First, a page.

Harvey Livschitz fits the description for a Ner Tamid award winner perfectly.

The Union of Progressive Jewish Associations’ award goes to the “unsung heroes” of the community.

“Unsung heroes” are defined as those members of a congregation in Australia or New Zealand perform exceptional service to their community.

It took several attempts to get Harvey Livschitz to talk about what he had done for the Beth Shalom congregation over the 20 years he had lived in Auckland.

“It’s the way I am. I just do it,” he said.

Eventually, he started to talk and with the help of other Beth Shalom contacts, his contribution was revealed.

His favourite responsibility was being involved with outreach. Busloads of Catholic secondary school students come to Beth Shalom to see and learn about the synagogue, sometimes two a day.

Harvey showed them around, informing them about what they are seeing. He did this job for all his years in Auckland and had “quite a following” among the students.

Another activity was heading the congregation’s ritual committee, especially doing the large amount of organization required for the high holydays. He also did lots of work around the building making sure all the small maintenance jobs were done.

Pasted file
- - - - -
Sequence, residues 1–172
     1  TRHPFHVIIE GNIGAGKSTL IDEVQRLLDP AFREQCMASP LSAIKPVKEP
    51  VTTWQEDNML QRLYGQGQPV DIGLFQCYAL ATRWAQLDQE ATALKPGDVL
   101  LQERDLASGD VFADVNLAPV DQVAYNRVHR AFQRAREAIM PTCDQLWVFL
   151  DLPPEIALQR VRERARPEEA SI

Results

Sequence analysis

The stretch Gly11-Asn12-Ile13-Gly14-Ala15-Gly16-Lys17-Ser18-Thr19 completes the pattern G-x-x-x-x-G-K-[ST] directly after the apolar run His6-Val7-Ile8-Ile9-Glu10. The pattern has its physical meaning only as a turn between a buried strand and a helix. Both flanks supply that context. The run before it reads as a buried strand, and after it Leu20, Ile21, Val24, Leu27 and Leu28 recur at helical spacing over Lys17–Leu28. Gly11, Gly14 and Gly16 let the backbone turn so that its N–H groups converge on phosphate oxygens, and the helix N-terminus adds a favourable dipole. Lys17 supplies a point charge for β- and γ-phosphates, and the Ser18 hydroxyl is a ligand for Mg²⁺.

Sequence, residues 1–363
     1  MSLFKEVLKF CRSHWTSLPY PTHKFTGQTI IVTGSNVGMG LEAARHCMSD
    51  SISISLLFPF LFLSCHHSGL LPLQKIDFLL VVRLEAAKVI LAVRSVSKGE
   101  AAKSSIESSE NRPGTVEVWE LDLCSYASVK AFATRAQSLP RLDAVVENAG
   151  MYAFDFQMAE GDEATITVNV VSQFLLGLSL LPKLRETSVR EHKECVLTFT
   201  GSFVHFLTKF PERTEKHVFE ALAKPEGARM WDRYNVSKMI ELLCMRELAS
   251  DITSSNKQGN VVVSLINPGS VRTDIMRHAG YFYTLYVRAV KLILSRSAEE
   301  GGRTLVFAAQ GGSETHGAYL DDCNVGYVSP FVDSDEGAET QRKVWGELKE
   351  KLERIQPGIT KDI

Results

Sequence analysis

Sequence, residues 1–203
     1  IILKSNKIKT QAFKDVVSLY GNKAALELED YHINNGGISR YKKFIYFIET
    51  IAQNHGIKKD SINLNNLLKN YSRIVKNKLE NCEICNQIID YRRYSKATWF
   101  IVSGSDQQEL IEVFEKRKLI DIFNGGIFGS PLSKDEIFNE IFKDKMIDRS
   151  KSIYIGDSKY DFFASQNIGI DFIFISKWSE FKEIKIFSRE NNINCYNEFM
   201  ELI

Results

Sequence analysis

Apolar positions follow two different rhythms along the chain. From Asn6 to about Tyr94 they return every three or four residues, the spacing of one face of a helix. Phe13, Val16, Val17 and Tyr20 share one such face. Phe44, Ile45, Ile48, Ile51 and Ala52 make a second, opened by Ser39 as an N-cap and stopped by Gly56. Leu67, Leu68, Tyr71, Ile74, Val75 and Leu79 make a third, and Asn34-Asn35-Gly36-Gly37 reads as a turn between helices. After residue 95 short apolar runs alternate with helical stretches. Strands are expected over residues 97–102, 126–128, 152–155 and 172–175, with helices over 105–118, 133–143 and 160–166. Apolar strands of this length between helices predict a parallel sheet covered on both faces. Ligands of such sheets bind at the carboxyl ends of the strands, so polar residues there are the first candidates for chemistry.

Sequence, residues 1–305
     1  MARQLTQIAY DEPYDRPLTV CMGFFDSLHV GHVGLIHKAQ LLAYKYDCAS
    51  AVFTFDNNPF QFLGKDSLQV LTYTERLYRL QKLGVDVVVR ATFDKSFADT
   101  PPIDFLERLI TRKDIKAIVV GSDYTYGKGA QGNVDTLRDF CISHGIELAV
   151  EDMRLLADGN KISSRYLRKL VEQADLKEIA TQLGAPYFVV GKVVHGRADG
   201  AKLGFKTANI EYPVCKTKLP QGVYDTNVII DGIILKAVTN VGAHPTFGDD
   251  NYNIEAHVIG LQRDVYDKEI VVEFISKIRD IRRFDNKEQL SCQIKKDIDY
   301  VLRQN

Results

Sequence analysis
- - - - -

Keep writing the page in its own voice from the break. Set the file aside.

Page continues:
The list goes on. He organized the supplies of hallah for he synagogue. When the commercial supplier went out of business, he found a community member to make the hallahs.

“I’ve always insisted that the community comes first,” Harvey said. “If I can direct a small job to someone who needs the money, rather than a commercial concern, that’s important.”

Then there were the other things, like organizing a bike riding group for members of the community.

And arranging for the inscriptions on Beth Shalom’s striking tree of life. The tree of life hangs in the foyer at Beth Shalom and publicizes important life events of congregation members.

Harvey, his wife Jenny and daughter Sarah have recently settled in Wellington and are now members of Temple Sinai.

His quiet contribution to the Auckland community will be missed so that it is fitting that his Ner Tamid award will be presented next year at Beth Shalom.

Article by Ruth Thomas